Innovative solution to fresh water scarcity in Sumba Island

Climate change, natural disasters, and water scarcity are big challenges that countries are facing at this time. Indonesia is suffering the consequences of climate change being more prone to the occurrence of natural disasters due to rising temperatures and sea levels. It generates a cascade effect where the main consequences are water scarcity, stress, and pollution. Consequently, the environment and the economy of the communities are directly affected. Sumba Island is one of the poorest provinces in Indonesia, with a low Human Development Index. More than 63% of the community has no access to clean water. The Island presents one of the most challenging cases of drought-dominant hazard hotspots in South East Asia. The prolonged drought season lasts seven months and the strong dry Australian wind dries out of the soil. Its unique limestone landscape causes high calcium levels in groundwater which is unsafe for drinking. Water scarcity issues result in high rates of malaria, diarrhoea, bladder disease, kidney infections, and infant mortality.

The project supported by the SFC-GCRF was led by Dr Yun Ii Go, Associate Professor in Electrical Engineering at Heriot-Watt University Malaysia. The team members comprise Olga Potapova-Crighton (Heriot-Watt University Dubai), Dr Mahawan Karuniasa (University of Indonesia), Laily Himayati (Hivos Southeast Asia), and Jeeten Kumar (Resilience Development Initiative). The interdisciplinary and multi-county team carried out a techno-socio-economic study of customized Fog-to-Water (FtW) solutions to resolve the water scarcity issues that have adversely affected these vulnerable communities. This association emerged as a result of the GCRF Workshop ‘Climate Change Impacts on Vulnerable Communities in SE Asia – Understanding and Adaptation’ carried out at Heriot-Watt Malaysia, being one of the six award-winning initiatives.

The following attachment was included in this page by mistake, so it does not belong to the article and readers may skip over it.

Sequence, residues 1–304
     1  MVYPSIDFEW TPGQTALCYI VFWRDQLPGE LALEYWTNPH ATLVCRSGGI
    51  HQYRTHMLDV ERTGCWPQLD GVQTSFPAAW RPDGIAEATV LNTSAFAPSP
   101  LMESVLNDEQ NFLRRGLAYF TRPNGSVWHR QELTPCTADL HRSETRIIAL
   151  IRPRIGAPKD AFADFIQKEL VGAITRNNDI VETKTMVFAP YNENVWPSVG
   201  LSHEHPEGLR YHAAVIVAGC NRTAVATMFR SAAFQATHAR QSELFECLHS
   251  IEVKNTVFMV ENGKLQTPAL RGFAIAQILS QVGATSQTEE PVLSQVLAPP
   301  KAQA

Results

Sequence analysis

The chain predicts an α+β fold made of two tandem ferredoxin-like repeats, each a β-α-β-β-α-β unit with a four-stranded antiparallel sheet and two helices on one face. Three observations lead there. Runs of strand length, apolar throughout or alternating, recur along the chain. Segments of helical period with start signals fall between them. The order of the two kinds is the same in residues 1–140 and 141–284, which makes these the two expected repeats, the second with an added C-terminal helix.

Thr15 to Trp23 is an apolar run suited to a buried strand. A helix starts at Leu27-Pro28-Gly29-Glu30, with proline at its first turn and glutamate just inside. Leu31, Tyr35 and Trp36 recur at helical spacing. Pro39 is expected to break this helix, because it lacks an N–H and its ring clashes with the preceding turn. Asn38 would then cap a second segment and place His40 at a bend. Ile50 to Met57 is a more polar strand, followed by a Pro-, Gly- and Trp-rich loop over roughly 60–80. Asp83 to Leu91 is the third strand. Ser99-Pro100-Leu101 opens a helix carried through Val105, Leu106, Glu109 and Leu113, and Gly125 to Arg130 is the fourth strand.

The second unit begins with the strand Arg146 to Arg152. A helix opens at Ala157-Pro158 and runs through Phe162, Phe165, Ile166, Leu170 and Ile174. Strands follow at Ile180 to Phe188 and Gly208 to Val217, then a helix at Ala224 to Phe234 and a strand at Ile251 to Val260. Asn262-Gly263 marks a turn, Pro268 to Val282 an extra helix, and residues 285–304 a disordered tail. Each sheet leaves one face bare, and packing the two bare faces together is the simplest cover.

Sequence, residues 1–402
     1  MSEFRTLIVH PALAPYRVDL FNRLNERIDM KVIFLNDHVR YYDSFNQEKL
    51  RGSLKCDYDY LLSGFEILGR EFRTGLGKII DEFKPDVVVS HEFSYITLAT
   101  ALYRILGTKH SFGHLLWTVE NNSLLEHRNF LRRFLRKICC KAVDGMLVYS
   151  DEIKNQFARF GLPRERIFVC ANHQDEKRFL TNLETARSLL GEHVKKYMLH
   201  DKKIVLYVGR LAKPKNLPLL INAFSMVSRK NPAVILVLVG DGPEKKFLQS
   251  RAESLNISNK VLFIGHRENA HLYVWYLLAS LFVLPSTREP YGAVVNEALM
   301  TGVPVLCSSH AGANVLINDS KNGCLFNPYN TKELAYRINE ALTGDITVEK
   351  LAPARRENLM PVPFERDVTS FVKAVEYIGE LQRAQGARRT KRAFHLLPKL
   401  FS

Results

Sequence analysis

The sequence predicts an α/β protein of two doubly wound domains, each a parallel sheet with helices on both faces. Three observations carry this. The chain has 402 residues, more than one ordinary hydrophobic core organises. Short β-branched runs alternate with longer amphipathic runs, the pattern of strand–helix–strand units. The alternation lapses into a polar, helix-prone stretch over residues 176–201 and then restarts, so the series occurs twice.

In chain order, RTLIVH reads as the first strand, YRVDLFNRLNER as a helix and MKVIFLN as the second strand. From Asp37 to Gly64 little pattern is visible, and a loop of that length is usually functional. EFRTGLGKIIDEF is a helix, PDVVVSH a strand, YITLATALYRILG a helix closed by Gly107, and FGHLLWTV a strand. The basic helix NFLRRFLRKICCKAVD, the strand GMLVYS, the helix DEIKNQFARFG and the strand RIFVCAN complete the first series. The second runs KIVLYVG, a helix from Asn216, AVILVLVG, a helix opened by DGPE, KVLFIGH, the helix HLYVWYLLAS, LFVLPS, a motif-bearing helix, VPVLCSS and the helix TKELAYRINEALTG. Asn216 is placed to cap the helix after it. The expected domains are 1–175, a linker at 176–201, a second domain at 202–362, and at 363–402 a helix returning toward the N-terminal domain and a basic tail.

‘Fog water collection technique is passive, low maintenance, and sustainable option that can supply fresh drinking water to communities where fog is a common phenomenon. This harvesting system involves the use of mesh nets to collect water as fog passes through them. It only requires minimal cost for the operation and maintenance. It seems to be a promising method to overcome water scarcity and water demand for Indonesia and Southeast Asia’, Dr Mahawan Karuniasa and Olga Potapova-Crighton.

‘The outcome of the proposed activities is expected to promote physical, economic development, social welfare and environmental resilience of the community on the impacts of climate change which is directly in line with the Indonesian Government’s National Action Plan for Climate Change Adaptation and Indonesia Climate Change Sectoral Roadmap.’ Dr Yun Ii Go.

In this phase, the team has demonstrated a positive engagement with the community and the decision-makers. It has enhanced the awareness of approaches to resolve water scarcity and promoting cooperation between the local authorities and the community. These are part of the efforts developed by the partnership between the University of Indonesia, HIVOS ( mission is to amplify and connect voices that promote social and environmental justice and challenge power imbalances), and the Resilience Development Initiative with HWU. For the next phase, the team is expecting to install a full-scale prototype in the community that enables to improve the living condition in the village and to solve the water scarcity problem. This work also leads to three publications and one policy brief paper:

  1. Fog-to-Water for Water Scarcity in Climate-Change Hazards Hotspots: Pilot Study in Southeast Asia
  2. Techno-socio-economic analysis of fog-to-water solution for climate change hazard area: Sumba Island, Indonesia
  3. Treading Water in a Savannah: The Reality of Water Scarcity in East Sumba
  4. Analysis of El-Nino Phenomenon in East Nusa Tenggara Province (accepted)